() Teachers-parent interaction is basically the same at all levels of schooling. The school structure, the training of teachers, teacher personalities, and the public expectations are different among elementary and secondary schools. Similarly, the type of teacher-parent interaction changes dramatically from preschool through elementary, middle school, to secondary grades(pp. 165-176).
When parents were asked what they really understand about the roles of teachers, the responses emphasize that a major difference exists between elementary and secondary schools.
() Teacher-parent interaction is the same regardless of the school or community setting. There are distinct differences in styles of teacher-parent involvement practices when urban, suburban, and rural schools are compared. Not only are parental expectations different in each setting but so also the formal relationship of the school to the community varies.
() Teachers are professionally and personally secure to the point that working with parents poses no threat or intimidation. Teachers tend to take defensive to enhance their general image and perceived performance when coming in contact with parents. These counter-defensive attributions may be self-serving, political survival strategies designed to create favorable impressions in others.
() Family structures remain the same throughout the years that a youngster is in school. Parent-child interaction changes dramatically as the child grows. The role of the father takes on increased importance, particularly in terms of attitudes and moral judgment. More information is needed about how teachers can work effectively with differing families, be they single-parent, minority, or classical in structure, to help the student develop positive attitudes about learning.
() Teacher-parent relationships are formed as a result of objective and rational behavior and in isolation of the child's relationships. As teachers work with children, tensions can develop from competition with parents for the children's attention and respect (Ost, 1987, pp. 165-176).
According to McAfee, (1987) teachers and administrators do not have education and training in how to work effectively with parents and the community. A recent survey done by the Appalachia Educational Laboratory (AEL) indicated that only 37% of the professional school personnel in both rural and urban areas of Alabama, Kentucky, Ohio, Pennsylvania, Tennessee, Virginia, and West Virginia had received such training in their undergraduate work, and only 24% in graduate work. Less than 20% of the teachers said they were unprepared for working with parents, but at the same time less than half said they were adequately prepared, (Spriggs, 1984). In addition, 40% of the certified personnel and 35% of service and support personnel said they would like help in interacting with families, and working with parents in general. This need for more training of school personnel to work effectively with parents has been confirmed by other studies in other parts of the country (e.g., in the Southwest, Williams, 1984).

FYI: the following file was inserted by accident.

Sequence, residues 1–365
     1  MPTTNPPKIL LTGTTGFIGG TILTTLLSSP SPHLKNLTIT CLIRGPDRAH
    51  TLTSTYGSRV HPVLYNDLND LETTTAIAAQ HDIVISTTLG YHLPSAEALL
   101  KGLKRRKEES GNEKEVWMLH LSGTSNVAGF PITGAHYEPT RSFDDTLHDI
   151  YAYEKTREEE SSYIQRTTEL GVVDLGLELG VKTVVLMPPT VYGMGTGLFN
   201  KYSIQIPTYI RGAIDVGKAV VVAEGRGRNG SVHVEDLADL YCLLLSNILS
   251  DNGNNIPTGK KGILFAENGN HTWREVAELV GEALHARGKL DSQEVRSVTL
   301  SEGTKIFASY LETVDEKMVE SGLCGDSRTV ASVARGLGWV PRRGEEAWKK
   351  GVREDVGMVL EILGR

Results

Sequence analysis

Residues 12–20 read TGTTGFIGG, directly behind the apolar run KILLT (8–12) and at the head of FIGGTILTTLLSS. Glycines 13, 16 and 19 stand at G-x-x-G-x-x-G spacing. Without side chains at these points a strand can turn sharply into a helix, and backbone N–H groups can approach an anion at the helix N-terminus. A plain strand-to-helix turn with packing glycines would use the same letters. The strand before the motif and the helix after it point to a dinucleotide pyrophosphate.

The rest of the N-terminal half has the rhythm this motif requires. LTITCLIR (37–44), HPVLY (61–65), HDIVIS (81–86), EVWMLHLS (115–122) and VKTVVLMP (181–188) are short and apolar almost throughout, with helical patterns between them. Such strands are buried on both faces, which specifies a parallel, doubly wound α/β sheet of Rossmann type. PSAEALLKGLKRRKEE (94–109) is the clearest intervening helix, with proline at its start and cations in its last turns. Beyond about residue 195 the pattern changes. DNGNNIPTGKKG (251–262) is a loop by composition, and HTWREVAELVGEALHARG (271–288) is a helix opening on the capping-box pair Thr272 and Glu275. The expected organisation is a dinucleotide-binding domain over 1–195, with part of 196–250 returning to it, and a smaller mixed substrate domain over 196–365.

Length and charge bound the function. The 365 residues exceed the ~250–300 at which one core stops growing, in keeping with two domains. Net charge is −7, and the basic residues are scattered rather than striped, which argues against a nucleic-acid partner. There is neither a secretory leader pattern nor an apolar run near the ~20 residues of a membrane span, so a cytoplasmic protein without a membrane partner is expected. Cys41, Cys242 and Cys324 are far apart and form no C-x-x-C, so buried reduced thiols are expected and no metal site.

A parent involvement program was conceived by the Mine Hill School District in New Jersey (Epstein & Dauber, 1991). It follows a simple format, which can be adopted in other school districts to help parents in raising their children. First, it gets parents involved with the school and teacher to assist their child's education and reinforce it at home. Second, it gets parents involved not only in their child's education but in the school as a whole, and the board of education involves parents as decision-makers.
Since most teachers and administrators have no formal training in parent involvement, Mine Hill provides all teachers with formal training. Parents on Your Side: A Comprehensive Parent Involvement Program for Teachers, by Lee Marlene Canter is used. This program focuses on topics educators need to learn about, including why we need parents on our side, starting the school year, positive communication with parents, parents and homework, contacting parents at the first sign of a problem, helping parents support discipline and so on. As a result, the staff feels comfortable working with parents, viewing parents as resources and partners. Parents are kept informed (Epstein & Dauber).
Chavkin's and Williams' (1985) study assessed teachers behaviors and found that educators should make parents feel welcome and be sensitive to their skill levels and individual preferences. Parents, teachers and administrators strongly all favored parent involvement in education.
Wherry (1992) recognized in his study of teachers behaviors that teachers are more reluctant to contact parents than vice versa. Teachers can work to overcome this by getting to know parents as people.
The implications of research by Epstein (1987) indicate that involving parents in their children's education improves student achievement and behavior. However, parent involvement is most effective when it is well planned and long lasting. To ensure this, educators must do the following: teachers and administrators should take the initiative to get parents involved in education; educators need to develop clear goals of parent involvement in their school; written policy; and a variety of opportunities, based on the interests of parents, should be available for parent involvement in schools. We must communicate to parents that they are as important to children's academic success as teachers are.